Enzymes can be defined as complex proteins that cause a specific chemical change in other substances without being changed themselves. Enzymes are found in every organ of the body. For example, they can change starches, proteins, and sugars into substances the body can digest. Blood clotting is another example of enzymes at work.  Enzymes exist in the mouth (saliva), stomach (gastric juice), and intestines (pancreatic juice, intestinal juice, and intestinal mucosa) according to (1)   In the medical field today, enzymes are used as oncolytics, anticoagulants, thrombolytics, anti-inflammatories, fibrinolytics, mucolytics, antimicrobials, and digestive aids.  (2)

It is amazing to realize that "as early as the late 1700's and early 1800's, the digestion of meat by stomach secretions and the conversion of starch to sugars by plant extracts and saliva were known." (3) Even though it was discovered that there was some sort of process occurring, the 1878 German physiologist Wilhelm Kühne (1837–1900) first used the term enzyme, which comes from Greek word "in leaven", to describe this process. The word enzyme was used later to refer to nonliving substances such as pepsin, and the way in which this change took place was not understood.  As the years progressed,  discoveries mounted and" word ferment used to refer to chemical activity produced by living organisms." (4) Today, enzymes have been categorized in 3 types of enzymes, of which the human body produces 2 of these, the metabolic and digestive.

Metabolic enzymes are the ones that cause the organs and systems of your body to function. They speed up the chemical reaction within the cells for detoxification and energy production. They are heavily involved in our immune system, in particular there are many different kinds of enzymes in the white blood cells alone.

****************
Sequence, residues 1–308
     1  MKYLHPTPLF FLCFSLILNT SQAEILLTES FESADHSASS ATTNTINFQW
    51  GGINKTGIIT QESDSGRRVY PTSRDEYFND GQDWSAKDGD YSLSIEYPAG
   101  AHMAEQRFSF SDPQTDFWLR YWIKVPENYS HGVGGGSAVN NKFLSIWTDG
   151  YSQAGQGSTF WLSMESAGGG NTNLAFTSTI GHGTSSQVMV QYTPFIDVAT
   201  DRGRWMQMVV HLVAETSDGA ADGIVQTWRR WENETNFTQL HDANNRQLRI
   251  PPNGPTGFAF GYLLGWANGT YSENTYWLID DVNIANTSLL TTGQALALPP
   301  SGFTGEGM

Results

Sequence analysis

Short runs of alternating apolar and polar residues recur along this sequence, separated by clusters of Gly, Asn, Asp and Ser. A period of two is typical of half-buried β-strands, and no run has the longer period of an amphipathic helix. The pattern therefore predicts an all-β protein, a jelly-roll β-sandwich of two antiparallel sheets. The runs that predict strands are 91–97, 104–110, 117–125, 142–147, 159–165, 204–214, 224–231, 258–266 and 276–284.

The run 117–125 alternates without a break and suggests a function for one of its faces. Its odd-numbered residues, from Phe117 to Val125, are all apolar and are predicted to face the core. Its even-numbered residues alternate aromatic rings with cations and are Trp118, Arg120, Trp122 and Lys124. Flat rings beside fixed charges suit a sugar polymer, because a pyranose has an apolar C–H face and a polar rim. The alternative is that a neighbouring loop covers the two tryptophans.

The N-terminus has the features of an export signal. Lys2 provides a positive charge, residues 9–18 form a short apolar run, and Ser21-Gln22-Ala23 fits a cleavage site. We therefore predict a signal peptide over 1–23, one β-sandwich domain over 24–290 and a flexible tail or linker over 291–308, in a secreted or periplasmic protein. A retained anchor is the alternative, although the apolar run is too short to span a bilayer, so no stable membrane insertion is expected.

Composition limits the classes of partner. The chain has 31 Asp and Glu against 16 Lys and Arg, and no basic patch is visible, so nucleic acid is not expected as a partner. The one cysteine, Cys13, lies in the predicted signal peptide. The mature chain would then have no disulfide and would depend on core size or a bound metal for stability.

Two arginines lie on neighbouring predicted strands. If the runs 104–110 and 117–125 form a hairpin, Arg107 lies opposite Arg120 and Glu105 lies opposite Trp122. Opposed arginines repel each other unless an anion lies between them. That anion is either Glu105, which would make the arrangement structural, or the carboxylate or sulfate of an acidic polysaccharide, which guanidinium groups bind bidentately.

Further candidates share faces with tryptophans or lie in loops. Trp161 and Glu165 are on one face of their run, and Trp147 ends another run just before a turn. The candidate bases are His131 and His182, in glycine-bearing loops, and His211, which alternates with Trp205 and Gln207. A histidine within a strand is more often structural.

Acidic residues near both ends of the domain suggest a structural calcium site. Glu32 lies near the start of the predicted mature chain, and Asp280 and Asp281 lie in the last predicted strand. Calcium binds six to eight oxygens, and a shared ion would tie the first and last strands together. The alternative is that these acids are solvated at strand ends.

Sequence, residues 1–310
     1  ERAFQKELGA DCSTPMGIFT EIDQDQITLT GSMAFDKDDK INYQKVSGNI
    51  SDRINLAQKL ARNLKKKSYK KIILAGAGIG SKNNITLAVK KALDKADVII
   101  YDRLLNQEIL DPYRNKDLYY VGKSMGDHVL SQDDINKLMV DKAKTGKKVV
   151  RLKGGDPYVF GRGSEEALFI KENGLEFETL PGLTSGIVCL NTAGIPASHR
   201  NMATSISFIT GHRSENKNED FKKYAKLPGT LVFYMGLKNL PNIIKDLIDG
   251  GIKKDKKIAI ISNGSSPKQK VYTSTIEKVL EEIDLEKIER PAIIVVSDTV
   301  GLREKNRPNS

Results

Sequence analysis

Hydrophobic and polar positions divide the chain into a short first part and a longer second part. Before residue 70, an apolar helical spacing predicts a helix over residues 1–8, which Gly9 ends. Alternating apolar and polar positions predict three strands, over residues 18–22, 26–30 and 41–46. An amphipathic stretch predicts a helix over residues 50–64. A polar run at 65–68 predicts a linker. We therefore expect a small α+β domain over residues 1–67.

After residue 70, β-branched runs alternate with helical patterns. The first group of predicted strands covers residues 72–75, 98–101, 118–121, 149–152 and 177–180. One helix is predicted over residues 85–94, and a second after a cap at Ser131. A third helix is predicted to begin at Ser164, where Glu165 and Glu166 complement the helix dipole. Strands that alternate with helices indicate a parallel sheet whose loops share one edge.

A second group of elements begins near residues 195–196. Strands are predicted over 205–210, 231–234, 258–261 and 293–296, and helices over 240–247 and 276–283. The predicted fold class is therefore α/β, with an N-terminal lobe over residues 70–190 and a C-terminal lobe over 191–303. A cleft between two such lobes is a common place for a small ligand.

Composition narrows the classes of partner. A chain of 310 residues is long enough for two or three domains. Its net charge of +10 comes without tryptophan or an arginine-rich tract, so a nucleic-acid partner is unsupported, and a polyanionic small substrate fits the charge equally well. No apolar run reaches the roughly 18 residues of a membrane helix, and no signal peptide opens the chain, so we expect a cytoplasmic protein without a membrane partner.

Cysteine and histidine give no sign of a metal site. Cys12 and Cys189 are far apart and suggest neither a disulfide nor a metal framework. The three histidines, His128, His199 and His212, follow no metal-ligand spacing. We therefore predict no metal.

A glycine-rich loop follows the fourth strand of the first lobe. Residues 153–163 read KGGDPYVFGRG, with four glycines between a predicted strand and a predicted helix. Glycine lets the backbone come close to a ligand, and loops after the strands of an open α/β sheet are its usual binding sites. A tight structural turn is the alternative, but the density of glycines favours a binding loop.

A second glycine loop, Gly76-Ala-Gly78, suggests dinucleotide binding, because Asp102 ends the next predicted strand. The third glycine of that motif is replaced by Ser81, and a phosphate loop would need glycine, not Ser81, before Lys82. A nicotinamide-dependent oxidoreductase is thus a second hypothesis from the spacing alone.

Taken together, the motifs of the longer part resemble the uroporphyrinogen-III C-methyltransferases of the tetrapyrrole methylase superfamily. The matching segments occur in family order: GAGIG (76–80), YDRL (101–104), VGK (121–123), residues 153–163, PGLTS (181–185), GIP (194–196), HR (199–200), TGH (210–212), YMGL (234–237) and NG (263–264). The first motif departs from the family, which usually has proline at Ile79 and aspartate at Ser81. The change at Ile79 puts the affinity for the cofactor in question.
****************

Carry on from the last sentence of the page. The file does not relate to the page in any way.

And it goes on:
Digestive enzymes are secreted along the digestive tract to break down food into nutrients and waste. This allows nutrients to be absorbed into the blood stream and the waste to be discarded.

Food enzymes are the ones introduced into the body by the raw foods we eat. They are contained directly in the food and assist in the digestion of that food.  It is important to remember that when foods are heated to above 129 degrees Fahrenheit, the enzymes are killed, thus the food becomes “dead!”  (3)

One topic that must not be overlooked is that of enzyme inhibitors.  These are "molecules that bind to enzymes and decrease their activity. Since blocking an enzyme's activity can kill a pathogen or correct a metabolic imbalance, many drugs are enzyme inhibitors. They are also used as herbicides and pesticides."

It is important to note that when prescription medications are taken with meals, they might be decreasing the effectiveness of the enzymes within the foods.  Given the amount of “dead” food that is consumed in the United States on a daily basis, it is not surprising that there are so many disease processes linked to the lack of enzymes in the human body.  It could be suggested that every time food or nutritional supplements are ingested, some type of  supplemental enzymes should be taken.  Works Cited:   Bibliography Available Upon Request

Health to You...
Chris Ritchason and Patti Keplinger RN BSN
with Dr. Jack Ritchason ND, PhD